Contact the interviewer as soon as you know you can’t come. Advance notice is the most considerate and professional thing to do. Also, your chances of rescheduling go up when you give the company plenty of heads up. 

So how soon should you notify the employer? That depends. An injury or illness can come last moment. So you might need to cancel the interview on the same day. However, you should know about other circumstances with a little more advanced notice. Do the employer a courtesy of informing them ASAP e.g. two-three days before the planned date. 

2. State Your Reason For Rescheduling

Let the hiring manager know why you need to reschedule. When you do this, be straightforward, brief, and keep the details to a minimum. Don’t overshare or elaborate too much. That has the potential to create an uncomfortable or awkward situation.

Remember: Oversharing can also put the hiring team in a difficult position. Does your reason for rescheduling reveal your family status, religion, age, or any other protected status? This can happen more easily than you realize. For example, if you tell them you have to reschedule because your child is sick, you have revealed information that interviewers don’t need to know. Why? Because it could lead to potential accusations of discrimination later on.

Handle things discreetly. Use general information when referring to anything personal. For example, “We are passing an upper respiratory infection around the house, and I am afraid it could be contagious.”

3. Suggest an Alternative Date

While it is up to the interviewer if and when to reschedule, only you know your availability. Suggest an alternative date and time. This indicates your availability and interest in the position. 

If you prefer, you can give a range of availability. This allows the hiring manager to review their own schedule and fit you into the next opening. 

4. Be Professional and Respectful

The unfortunate truth is that your rescheduling may cause some inconvenience. Let the interviewer know that you regret putting them out. Express hope that you haven’t caused them too much of an issue. That’s professionalism.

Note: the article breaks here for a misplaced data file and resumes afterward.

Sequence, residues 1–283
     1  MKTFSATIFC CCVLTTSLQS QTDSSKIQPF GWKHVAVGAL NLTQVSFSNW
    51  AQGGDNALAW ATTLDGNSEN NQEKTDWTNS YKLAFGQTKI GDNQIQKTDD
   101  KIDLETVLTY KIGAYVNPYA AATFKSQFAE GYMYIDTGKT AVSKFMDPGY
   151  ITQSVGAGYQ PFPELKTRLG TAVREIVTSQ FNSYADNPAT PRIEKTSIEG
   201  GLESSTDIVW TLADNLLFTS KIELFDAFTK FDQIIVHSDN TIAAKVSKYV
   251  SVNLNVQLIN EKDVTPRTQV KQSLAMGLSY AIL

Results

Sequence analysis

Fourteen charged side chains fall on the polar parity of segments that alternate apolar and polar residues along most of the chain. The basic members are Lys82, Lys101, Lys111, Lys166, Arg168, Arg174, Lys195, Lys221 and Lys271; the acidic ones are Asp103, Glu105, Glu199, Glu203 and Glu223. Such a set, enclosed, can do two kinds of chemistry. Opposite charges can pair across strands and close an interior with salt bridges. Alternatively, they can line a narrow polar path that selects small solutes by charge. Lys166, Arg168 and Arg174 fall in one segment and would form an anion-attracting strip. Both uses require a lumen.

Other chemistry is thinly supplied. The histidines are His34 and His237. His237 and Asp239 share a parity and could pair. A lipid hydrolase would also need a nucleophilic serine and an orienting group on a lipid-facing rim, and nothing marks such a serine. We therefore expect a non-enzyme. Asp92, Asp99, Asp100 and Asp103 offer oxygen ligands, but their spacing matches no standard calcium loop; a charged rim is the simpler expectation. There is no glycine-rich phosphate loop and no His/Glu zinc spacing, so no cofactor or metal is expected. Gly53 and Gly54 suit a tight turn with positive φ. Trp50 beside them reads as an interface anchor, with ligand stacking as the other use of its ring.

However, it isn’t necessary to fall all over yourself apologizing. You are making a reasonable request and possibly creating a small inconvenience. Don’t feel too terribly guilty. Remember that you are still a great candidate.

What if The Company Refuses to Reschedule an Interview? 

The truth is that some employers take a hard line on this, and they won’t reschedule as a matter of policy. Others may simply have too many other applicants to fit you in again. That’s disappointing, but still something you need to handle professionally. Don’t burn bridges. Thank them for considering you, and express interest in meeting again in the future.

Pro tip: Ask the recruiter to keep a copy of your resume and add it to their internal pool of candidates for future job openings.  

Sample Email to Reschedule an Interview

Ready to hit send, but not sure how to frame your request? Here’s a quick sample to use as a reference. 

Subject: Interview Rescheduling Request

Hello [Recipient], 

I know we had an interview scheduled for tomorrow afternoon, and I was really looking forward to it. Unfortunately, I’ve come down with a chest cold. It’s fairly minor, but I don’t want to risk being contagious.

I sincerely apologize if this inconveniences you in any way. I am still very interested in this position and learning more about the ACES industries. My schedule is open every afternoon (12 pm-2 pm) next week. How would Thursday work for you?

Thank you again for your understanding,

Annette Blankenship

Rescheduling an Interview by Phone

You may prefer to contact the interviewer by phone if your request is last-moment. After all, not everyone checks their email every hour, so your email might not be seen before the planned appointment date. 

If they answer their phone, get right to the point. Let them know who you are and why you are calling. Apologize sincerely and offer to reschedule at their convenience.

Are you leaving a message? Here is a sample script.